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How To Size & Fit Your Bicycle

! WARNING: If your bicycle does not fit properly, you may lose control and fall. 
NOTE: Correct fit is an essential element of bicycling safety, performance and comfort. Making the adjustments to your bicycle which result in correct fit for your body and riding conditions requires experience, skill and special tools. Always have a professional make the adjustments on your bicycle; or, if you have the experience, skill and tools, have a professional check your work before riding.
 

CORRECT FRAME SIZE

When selecting a new bicycle, the correct choice of frame size is a very important safety consideration. Most full sized bicycles come in a range of frame sizes. These sizes usually refer to the distance between the center of the bottom bracket and the top of the frame seat tube.  The ideal clearance will vary between types of bicycles and rider preference. This makes straddling the frame when off the saddle easier and safer in situations such as sudden traffic stops. Women can use a men’s style bicycle to determine the correct size women’s model.

A. Standover Height

Standover height is the basic element of bike fit (see Image 1 below). It is the distance from the ground to the top of the bicycle’s frame at that point where your crotch is when straddling the bike. To determine standover height, measure your inseam with your shoes on.

 

B. How to Size Your Bike

  1. With shoes on, measure from your crotch to the floor. This gives you your inseam length.
  2. Find the stand-over height on the bicycle sizing chart ("A" in the illustration below).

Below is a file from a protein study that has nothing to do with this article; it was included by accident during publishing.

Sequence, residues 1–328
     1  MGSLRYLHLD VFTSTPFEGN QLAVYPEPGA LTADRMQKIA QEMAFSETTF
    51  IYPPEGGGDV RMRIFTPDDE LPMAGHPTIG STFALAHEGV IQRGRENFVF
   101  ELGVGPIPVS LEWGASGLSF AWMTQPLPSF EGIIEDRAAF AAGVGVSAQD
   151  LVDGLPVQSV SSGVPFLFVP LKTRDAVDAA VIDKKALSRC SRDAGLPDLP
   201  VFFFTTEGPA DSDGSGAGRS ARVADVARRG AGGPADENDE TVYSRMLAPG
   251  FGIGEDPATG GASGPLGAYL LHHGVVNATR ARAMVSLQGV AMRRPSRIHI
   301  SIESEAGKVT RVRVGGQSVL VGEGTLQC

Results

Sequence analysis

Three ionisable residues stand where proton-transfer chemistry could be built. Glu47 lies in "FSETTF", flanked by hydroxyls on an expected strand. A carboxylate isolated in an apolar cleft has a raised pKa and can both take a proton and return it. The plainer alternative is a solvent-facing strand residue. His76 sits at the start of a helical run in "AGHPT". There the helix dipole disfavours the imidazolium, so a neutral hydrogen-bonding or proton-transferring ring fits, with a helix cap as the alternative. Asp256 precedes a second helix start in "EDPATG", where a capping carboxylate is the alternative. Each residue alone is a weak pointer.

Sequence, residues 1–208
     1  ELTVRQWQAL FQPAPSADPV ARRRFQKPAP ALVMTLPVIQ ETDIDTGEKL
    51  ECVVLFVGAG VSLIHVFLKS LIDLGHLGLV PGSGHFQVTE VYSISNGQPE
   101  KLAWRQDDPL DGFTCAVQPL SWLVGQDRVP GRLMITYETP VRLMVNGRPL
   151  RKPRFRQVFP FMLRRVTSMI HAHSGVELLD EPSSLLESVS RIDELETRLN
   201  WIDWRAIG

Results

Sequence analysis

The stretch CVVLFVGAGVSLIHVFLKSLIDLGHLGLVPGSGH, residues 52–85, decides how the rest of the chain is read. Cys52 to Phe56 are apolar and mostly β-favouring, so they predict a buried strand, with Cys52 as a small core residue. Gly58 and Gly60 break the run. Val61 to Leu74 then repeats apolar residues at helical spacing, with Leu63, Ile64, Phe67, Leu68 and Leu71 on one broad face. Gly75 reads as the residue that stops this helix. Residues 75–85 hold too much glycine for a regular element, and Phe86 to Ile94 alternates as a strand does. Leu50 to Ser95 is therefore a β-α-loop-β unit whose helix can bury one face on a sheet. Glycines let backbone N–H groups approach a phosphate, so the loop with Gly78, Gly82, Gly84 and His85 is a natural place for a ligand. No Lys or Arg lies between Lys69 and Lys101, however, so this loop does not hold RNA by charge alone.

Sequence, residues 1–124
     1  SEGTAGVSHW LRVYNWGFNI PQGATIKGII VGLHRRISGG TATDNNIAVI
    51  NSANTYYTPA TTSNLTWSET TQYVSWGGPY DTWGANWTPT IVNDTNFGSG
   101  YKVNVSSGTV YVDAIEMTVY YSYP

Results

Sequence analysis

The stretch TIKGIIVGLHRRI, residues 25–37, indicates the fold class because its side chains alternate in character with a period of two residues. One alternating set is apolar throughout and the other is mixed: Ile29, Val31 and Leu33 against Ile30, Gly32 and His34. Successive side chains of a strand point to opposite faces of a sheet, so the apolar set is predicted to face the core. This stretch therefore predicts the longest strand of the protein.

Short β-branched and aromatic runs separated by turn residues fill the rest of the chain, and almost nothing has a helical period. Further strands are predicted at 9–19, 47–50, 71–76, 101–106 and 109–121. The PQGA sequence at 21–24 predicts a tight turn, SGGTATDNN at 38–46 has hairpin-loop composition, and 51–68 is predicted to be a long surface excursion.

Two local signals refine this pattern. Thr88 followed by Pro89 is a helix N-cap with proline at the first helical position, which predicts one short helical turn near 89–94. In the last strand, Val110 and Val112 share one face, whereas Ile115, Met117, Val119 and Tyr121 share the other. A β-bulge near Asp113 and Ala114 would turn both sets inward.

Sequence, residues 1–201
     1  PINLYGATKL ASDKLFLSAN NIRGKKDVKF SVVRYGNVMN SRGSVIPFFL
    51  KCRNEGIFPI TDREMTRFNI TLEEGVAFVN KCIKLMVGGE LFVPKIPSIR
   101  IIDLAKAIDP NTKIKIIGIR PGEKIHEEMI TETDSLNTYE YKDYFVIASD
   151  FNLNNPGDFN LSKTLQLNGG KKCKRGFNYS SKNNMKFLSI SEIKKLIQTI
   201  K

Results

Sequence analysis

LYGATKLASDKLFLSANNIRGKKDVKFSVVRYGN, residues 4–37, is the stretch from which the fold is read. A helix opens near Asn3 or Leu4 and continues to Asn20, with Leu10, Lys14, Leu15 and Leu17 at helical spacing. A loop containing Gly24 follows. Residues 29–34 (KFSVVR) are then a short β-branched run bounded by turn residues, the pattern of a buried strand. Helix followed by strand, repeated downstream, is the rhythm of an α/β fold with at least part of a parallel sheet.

3. Check the bicycle manufacturer's specification to determine the stand over height of the bicycle you are interested in purchasing. 
  4. Allow adequate clearance between yourself and the frame of the bicycle to avoid injury. Note: If your crotch touches the frame, the bike is too big for you. Don’t even ride the bike around the block. A bike which you ride only on paved surfaces and never take off-road should give you a minimum standover height clearance of about one inch (2cm). A bike that you’ll ride on unpaved surfaces should give you a minimum of about three inches (7.5cm) of standover height clearance. And a bike that you’ll use off road should give you about four inches (10cm) or more of clearance.

 

5- Each frame size will have a different standover height.  See the example below:

Frame Size: Standover Height

12" XXSMALL  26.3"

14" XSMALL 27.4"

16" SMALL 28.6"

18" MEDIUM 29.9"

20" LARGE 31.7"

22" XLARGE 33.3"

(The geometry above is for a 2010 Diamondback Outlook bike)

 

 

The information provided here is intended to be used as a guide.  Please consult a professional to insure a proper fit.